Getting western food from a food court or hawker centre often ends in disappointment – watery pasta, generic black pepper sauce and gunky baked beans from a can. If you're lucky, you might find a stall that does a mean chicken chop, but more often than not, it's usually frozen food tossed in the deep fryer.
Enter father-and-son team Keith and Desmond Koh who run Lad & Dad in Maxwell Road Food Centre. The ‘lad’ equation of the duo, Keith, is familiar with pub grub from its country of origin – the United Kingdom. The fresh graduate has no intention of donning a suit and tie to join the corporate ranks – much to his father’s dismay – instead, Keith slogs it out to pursue his dream of making Lad & Dad a success. He even skipped his graduation (and grad trip) and used the savings to start his first venture. But the story didn’t begin there.
Keith’s first foray into British cuisine was working part-time in a hotel restaurant and bar in the UK. In his free time, he took up short culinary courses, where his classmates would be British housewives and grandmothers. He then started bouncing ideas off people in his class who shared their own tips on cooking British dishes. As he compiled his favourites, he began shaping the menu for Lad & Dad.
“All our recipes are made from scratch. We don't want the food to be bland since Singaporeans like bolder flavours so we included steps and ingredients to increase the umami of our dishes,” Keith says. Some of Lad & Dad’s most popular dishes include fish and chips and beef stew, with the former selling out before 1pm on most days.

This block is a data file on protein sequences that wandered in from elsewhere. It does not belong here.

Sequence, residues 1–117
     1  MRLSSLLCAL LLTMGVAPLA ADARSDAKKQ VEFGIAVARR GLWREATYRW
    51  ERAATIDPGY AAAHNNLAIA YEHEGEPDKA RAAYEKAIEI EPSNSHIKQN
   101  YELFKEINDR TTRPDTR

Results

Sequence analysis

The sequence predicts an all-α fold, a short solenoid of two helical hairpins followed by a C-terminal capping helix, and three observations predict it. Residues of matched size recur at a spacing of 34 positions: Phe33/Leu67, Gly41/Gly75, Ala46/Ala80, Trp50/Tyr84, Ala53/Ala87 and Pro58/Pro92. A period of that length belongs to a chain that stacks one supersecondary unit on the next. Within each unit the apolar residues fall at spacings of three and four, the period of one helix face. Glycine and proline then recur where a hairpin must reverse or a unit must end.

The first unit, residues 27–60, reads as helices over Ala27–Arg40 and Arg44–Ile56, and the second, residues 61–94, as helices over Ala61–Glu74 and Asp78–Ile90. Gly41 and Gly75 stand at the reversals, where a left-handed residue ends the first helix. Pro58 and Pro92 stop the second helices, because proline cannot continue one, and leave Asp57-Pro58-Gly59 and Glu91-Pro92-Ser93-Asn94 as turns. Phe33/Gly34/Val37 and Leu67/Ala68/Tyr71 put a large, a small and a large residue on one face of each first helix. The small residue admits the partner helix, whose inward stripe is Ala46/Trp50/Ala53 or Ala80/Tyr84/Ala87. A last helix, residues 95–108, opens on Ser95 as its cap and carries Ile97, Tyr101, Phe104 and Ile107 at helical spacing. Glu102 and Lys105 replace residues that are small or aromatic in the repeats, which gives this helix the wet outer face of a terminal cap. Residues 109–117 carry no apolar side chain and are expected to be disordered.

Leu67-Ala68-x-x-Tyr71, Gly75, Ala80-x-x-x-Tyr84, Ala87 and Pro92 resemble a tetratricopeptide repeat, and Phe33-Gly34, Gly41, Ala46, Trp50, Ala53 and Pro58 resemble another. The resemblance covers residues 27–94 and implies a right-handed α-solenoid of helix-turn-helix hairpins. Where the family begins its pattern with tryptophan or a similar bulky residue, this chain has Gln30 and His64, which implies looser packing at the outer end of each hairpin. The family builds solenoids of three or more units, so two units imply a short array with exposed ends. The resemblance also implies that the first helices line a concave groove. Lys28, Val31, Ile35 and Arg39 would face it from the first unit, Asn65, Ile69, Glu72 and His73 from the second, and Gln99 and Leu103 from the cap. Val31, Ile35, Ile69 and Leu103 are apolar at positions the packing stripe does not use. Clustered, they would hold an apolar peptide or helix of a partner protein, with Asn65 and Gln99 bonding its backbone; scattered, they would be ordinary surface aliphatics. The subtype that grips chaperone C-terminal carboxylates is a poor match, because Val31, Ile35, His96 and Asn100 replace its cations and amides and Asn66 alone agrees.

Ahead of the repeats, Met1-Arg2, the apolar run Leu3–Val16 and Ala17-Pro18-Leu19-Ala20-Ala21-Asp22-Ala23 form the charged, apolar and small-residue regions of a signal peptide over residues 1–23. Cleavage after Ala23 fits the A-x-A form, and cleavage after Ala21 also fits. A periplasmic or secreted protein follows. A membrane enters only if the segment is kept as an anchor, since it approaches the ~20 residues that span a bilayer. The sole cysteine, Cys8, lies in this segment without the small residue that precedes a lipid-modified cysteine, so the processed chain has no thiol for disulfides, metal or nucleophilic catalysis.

Using Atlantic haddock, the battered-up fish is fried till it is a nice golden brown. For $10, it is served with a generous amount of crisp chips, tartare sauce and a dollop of mushy peas. Keith is especially proud of the beef stew ($10) and still gets enthusiastic when orders (and compliments) come in for it. Slow-cooked for eight hours, the chunks of shin meat are tender while the thick gravy of beef, potatoes and carrots complemented by buttery mash is full of depth and flavour.
Other dishes on its menu include bangers and mash, bacon and chip butty, English breakfast and Yorkshire pudding.
Sandwiched between a Taiwanese dumpling and noodle stall and a dessert shop, Lad & Dad stands out, not just for its cheeky name but for the novelty of consuming a (delicious) slice of British cuisine in a hawker setting. While the stall with its European signboard may seem like an odd fit in Maxwell, the demand proves that it belongs, and business seems smooth sailing. “As of now, dad is in charge of preparation and logistics as we have expanded,” he says. “I run the stall at Maxwell with a friend who is also our chef and we have a second outlet in Bukit Batok within a microbrewery.” British grub and beer? Surely, you tempt us.